Taking inspiration from LIFT Wyoming, a LIFT Junior event was held recently at Southridge Elementary with all of the 5th-grade students to help them learn about different leadership styles.

Get our free mobile app

According to a press release by the Natrona County School District, LIFT Junior started after Megan Propp, a 5th-grade teacher at Southridge, saw the benefit of LIFT Wyoming over the years on high school students.

LIFT Wyoming, which stands for Leader Inspire Fulfill Together, aims to promote leadership and opportunity in Wyoming youth, with a focus on positively impacting Wyoming’s future.

Propp, who serves on the board of LIFT Wyoming, thought of the idea of a LIFT Junior event with another teacher, Jessica Frank, and principal Sonya Tuttle.

The two-day event had students learn about four leadership styles: charismatic leaders, participative leaders, transformational leaders, and quiet leaders from guest speaker Bill Lyons.

Propp worked with four Natrona County High School students Jace Brezina, Cody Crawford, Tyler Hill, and Erin Weibel to develop and teach the sessions.

"These four students were phenomenal in taking my plan and making it their own," Propp said. "One of my favorite moments was watching the high schoolers take vision and run with it to create an amazing experience for our 5th graders."

NCSD
NCSD
loading...

Crawford and Brezina helped students develop three ways to make situations better by following a problem-solving plan.

When asked what advice he would give a younger student, Crawford said, "I would tell a younger student to not be afraid to make mistakes, and to surround yourself with people that build you up and keep you accountable."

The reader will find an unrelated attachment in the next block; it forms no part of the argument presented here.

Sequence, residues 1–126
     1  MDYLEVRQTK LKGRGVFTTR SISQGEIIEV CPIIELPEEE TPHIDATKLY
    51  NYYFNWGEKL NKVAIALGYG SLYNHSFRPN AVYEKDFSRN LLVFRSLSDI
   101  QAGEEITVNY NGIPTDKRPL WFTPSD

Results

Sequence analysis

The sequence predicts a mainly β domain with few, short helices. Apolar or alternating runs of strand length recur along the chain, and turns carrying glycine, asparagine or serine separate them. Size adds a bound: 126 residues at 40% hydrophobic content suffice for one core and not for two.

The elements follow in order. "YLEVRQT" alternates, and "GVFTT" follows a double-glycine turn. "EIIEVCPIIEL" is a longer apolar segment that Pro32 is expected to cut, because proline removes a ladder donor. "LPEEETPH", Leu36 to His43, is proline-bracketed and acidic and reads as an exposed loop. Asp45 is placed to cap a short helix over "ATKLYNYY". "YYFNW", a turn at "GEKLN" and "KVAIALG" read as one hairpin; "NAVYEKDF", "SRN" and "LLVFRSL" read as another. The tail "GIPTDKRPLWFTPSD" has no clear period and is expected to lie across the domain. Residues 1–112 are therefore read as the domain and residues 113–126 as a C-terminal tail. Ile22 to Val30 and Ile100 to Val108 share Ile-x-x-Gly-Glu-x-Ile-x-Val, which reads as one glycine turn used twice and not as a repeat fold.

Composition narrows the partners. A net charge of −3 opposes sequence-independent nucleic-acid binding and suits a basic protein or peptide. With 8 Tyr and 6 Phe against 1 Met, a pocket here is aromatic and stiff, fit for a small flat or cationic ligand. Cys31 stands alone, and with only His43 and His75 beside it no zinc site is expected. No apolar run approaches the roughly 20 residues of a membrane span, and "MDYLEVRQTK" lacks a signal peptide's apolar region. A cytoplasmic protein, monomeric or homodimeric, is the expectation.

Weibel shared techniques and ideas for how to look at things with a positive mindset and gratitude after reading the book "Perfect Square."

Weibel said, "Oftentimes, the younger students need a nudge not to fall into peer pressure. If they see older students like me at LIFT and other types of activities, it might inspire them to set goals to be leaders themselves. I know when I was their age, I always looked up to the older athletes and high school students. You never know when someone is watching you, whether it is another kid or an adult. You might be inspiring them without even realizing it."

Students also completed a service project with Debbie Mestas from the Fleece Blanket Project and made 25 blankets for those in need in the community.

Tanya Southerland, Director of Public Relations for the NCSD, said that they hope to be able to host it again next year.

Top 40 Restaurants Casper Wants Right Now